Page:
Breaking the Mould

Vancouver — They’re heavy, wavy and collectively worth about $1.8 million based on current metal prices.  And as unique as the world’s top athletes and their awe-inspiring performances, every medal won at the Vancouver 2010 Olympic and Paralympic Winter Games will be a one-of-a-kind work of art.

In an Olympic first, each medal will be unique, featuring part of an image cropped from two large master artworks of an orca whale (Olympic) and raven (Paralympic) by Corrine Hunt, a Canadian designer and artist of Komoyue and Tlingit heritage based in Vancouver, B.C. wavey medal

Also for the first time, the medals are not flat, but instead move and rise, a design said to spring from the undulating land of the West Coast.  Internationally renowned Canadian industrial designer and architect Omer Arbel, also of Vancouver, used his extensive knowledge of materials and fabrication processes to create the innovative undulating design of the medals, which are struck nine times each to achieve the distinctive look as part of the 30-step medal fabrication process.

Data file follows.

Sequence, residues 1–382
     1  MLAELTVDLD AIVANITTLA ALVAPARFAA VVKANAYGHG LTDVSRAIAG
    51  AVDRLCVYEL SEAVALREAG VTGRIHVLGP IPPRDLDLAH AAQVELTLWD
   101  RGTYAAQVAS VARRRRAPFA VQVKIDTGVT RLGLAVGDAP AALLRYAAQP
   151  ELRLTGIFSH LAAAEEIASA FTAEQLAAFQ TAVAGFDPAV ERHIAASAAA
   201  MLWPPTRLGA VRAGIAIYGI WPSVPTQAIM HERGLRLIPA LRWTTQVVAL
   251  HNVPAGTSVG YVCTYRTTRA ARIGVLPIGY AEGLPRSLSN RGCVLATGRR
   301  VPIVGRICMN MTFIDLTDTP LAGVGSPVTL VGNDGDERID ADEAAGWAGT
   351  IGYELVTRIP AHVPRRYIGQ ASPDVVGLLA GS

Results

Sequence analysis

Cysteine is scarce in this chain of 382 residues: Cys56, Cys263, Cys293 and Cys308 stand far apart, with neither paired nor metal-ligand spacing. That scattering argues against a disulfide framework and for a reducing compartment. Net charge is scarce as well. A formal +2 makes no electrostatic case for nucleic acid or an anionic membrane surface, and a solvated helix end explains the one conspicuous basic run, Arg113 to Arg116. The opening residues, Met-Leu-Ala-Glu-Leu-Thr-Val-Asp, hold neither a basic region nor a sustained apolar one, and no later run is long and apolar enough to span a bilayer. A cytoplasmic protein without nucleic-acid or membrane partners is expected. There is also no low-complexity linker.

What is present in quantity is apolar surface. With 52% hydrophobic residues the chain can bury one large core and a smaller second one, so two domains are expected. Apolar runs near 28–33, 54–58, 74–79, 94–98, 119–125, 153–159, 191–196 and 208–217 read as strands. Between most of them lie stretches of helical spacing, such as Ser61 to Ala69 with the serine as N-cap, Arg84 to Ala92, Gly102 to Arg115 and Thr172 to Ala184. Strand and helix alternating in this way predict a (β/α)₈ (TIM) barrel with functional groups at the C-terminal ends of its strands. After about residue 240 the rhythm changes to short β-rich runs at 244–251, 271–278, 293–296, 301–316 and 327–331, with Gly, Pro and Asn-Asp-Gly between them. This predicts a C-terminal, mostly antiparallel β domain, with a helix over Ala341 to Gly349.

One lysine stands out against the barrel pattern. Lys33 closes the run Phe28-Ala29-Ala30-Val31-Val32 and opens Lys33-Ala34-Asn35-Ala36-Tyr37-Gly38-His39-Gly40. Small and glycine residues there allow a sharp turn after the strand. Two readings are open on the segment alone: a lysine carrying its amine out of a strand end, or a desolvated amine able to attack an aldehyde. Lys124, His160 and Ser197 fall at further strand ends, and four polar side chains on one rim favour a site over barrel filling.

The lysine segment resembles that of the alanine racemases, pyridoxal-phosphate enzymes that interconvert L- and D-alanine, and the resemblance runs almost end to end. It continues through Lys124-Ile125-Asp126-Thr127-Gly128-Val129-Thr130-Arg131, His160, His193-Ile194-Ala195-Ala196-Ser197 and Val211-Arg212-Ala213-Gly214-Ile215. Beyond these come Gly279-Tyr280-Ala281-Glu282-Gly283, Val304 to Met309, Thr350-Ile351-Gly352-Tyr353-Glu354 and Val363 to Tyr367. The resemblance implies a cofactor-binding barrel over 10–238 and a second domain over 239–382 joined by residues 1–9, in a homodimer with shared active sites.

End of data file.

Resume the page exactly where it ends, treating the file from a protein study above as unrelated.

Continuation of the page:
The Olympic medals are circular in shape, while the Paralympic medals are a superellipse, or squared circle. They are among the heaviest medals in Olympic and Paralympic history. Vancouver metals giant Teck Resources is producing and supplying the medals along with the Royal Canadian Mint. Teck is recovering materials from cathode ray tube glass, computer parts, and circuit boards through smelting. The process involves shredding, separating, and heating electronic components, then combining the byproducts with metals from other sources.

Learn more about the making of the making of the 2010 olympic medals.